It takes a close reading of an innocuous-looking statement within the 911 Commission’s report to realize that a huge entourage of the longtime Saudi Intelligence Minister, Prince Turki al Faisal, was in Las Vegas on September 11, 2001. Tucked in the back of the report was an account of three separate chartered airliners carrying dozens of Saudis, departing from Las Vegas on midnight transatlantic flights beginning on September 19th.
We now know that this group, including Prince Turki, with deep connections to Saudi Arabia’s secret police, was in Las Vegas during the time that the 911 Commission could not explain why all the hijackers had made trips to Las Vegas. The roster of Saudi officials in the United States on September 11 includes the Defense Minister, the Minister of Foreign Affairs, the Minister of Aviation and the head of Dallah Avco Group, in addition to Prince Turki and of course Prince Bandar, Saudi ambassador to the U.S. In addition, the head of two of Saudi Arabia’s holiest mosques stayed at the same hotel as the all-Saudi hijackers of AA77 — at the Marriott Residence Inn in Herndon, Virginia — on the night of September 10th. In the week after the attack, there were a dozen chartered flights with high-ranking Saudi officials that left from Las Vegas, Newark, Boston and Washington, all cities, by the way, with direct links to the hijackings. By September 24, 2001, they had all returned home.
The British Observer reported that the widely feared Prince Turki al Faisal had a long, mutually hostile relationship with Osama bin Laden. Turki, with American connections (he would become Saudi Ambassador to the U.S. after Prince Bandar), was funding bin Laden’s mujahedeen against the Soviets in Afghanistan in the 1980s, but the partnership with bin Laden ended soon after. More recently, the entire Saudi royal family had become the prime target of al-Qaeda for their relationship with American oil companies. Of great interest is the Observer’s reporting that pilot/hijacker Mohamed Atta left Hamburg soon after making contact with Prince Turki’s intelligence agents in early 2000. Atta’s destination, after a brief stop in Pakistan, was Huffman Aviation, the small school in Florida where he began basic flight training. He was soon joined by Jarrah and al Shehhi. They told people in Venice that they were bodyguards with the Saudi government and needed to learn to fly airplanes.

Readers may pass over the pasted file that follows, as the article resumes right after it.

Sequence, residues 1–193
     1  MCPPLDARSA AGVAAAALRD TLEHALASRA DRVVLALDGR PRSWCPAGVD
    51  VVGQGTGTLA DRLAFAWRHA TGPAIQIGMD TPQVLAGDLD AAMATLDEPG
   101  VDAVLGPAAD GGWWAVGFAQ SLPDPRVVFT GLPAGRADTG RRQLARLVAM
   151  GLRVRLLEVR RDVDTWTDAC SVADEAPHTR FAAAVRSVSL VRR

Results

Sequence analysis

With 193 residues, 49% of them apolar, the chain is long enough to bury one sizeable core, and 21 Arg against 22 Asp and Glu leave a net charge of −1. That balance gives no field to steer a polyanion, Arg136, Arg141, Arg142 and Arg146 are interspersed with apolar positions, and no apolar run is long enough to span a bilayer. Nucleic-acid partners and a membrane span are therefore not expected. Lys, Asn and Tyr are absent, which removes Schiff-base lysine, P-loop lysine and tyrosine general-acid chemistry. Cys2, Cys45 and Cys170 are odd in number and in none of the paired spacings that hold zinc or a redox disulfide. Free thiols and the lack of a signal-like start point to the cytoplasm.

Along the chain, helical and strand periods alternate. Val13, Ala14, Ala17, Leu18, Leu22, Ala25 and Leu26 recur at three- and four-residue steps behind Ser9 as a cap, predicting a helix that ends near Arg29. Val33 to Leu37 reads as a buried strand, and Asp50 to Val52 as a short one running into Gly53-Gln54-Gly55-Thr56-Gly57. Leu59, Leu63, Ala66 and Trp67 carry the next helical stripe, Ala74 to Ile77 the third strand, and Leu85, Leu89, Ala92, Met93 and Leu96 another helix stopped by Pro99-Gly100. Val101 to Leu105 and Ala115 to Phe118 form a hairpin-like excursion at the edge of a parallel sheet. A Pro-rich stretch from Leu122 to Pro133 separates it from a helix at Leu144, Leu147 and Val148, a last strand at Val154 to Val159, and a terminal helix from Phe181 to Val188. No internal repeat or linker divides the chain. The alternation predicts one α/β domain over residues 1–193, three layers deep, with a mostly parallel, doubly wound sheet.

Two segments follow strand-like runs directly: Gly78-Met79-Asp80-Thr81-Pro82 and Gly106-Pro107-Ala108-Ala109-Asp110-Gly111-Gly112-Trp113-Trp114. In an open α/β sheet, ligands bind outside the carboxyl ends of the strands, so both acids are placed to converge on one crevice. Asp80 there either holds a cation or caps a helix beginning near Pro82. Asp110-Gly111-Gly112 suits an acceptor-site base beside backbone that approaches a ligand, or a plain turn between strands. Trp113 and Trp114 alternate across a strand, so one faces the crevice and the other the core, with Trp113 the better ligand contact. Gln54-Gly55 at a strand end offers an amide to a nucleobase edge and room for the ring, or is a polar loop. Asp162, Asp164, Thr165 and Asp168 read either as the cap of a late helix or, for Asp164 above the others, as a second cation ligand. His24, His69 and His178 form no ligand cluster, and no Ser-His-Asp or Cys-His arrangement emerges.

The prince’s entourage entailed a perfect opportunity for the Raiders to get the needed Saudi Boeing flight instructors into the country, and exit after the attacks without anyone interviewing them. The chartered departures from Las Vegas were a four-engine DC-8 for Geneva on September 19, 2001 with 69 passengers, including 46 Saudis; a Boeing 727 for England with 18 Saudis on September 20; and on September 23, a jumbo Lockheed L-1011 for Paris. Only 34 passengers were listed on that plane, which has a capacity of nearly 400. On that flight was Prince Turki.
No one in the government will say just who cleared these flights to leave without interviewing even one of the passengers. Prince Bandar said on Meet the Press in September 2001 that the FBI cleared the flights. The FBI said that they did not clear the flights.
Prince Turki and Prince Bandar have more connections to Arabic-speaking Boeing flight instructors than anyone else in the world. The means and opportunity to slip the hijackers into Pinal Airpark or other facilities for training were theirs. The motive was a world-changing event. The Saudis would benefit greatly not only from the targeting of al-Qaeda but from an American invasion of Iraq, one that they had begged for after the first Gulf War. Dick Cheney would guarantee Prince Bandar that America was going to invade Iraq months before anyone informed the United States Congress.
In November 2001, Prince Turki expressed his public support for the U.S. operation in Afghanistan, referring to al-Qaeda as an “evil cult.” By calling out bin Laden for complicity in the attacks, he would be helping to “sic” the world against his greatest enemy, an enemy that has made several assassination attempts against the Saudi royal family. In the winter of 1998, three buried suitcases had been found in Saudi Arabia containing nine antitank Sagger missiles. The Saudis learned that al-Qaeda was intending them for use against the royal family. Former FBI Director Louis Freeh told The New Yorker, “From where I sat and from what I knew … Al Qaeda was more a threat to Saudi Arabia than to the U.S. and bin Laden’s whole focus was on toppling the royal family and getting the U.S. forces out of Saudi Arabia.”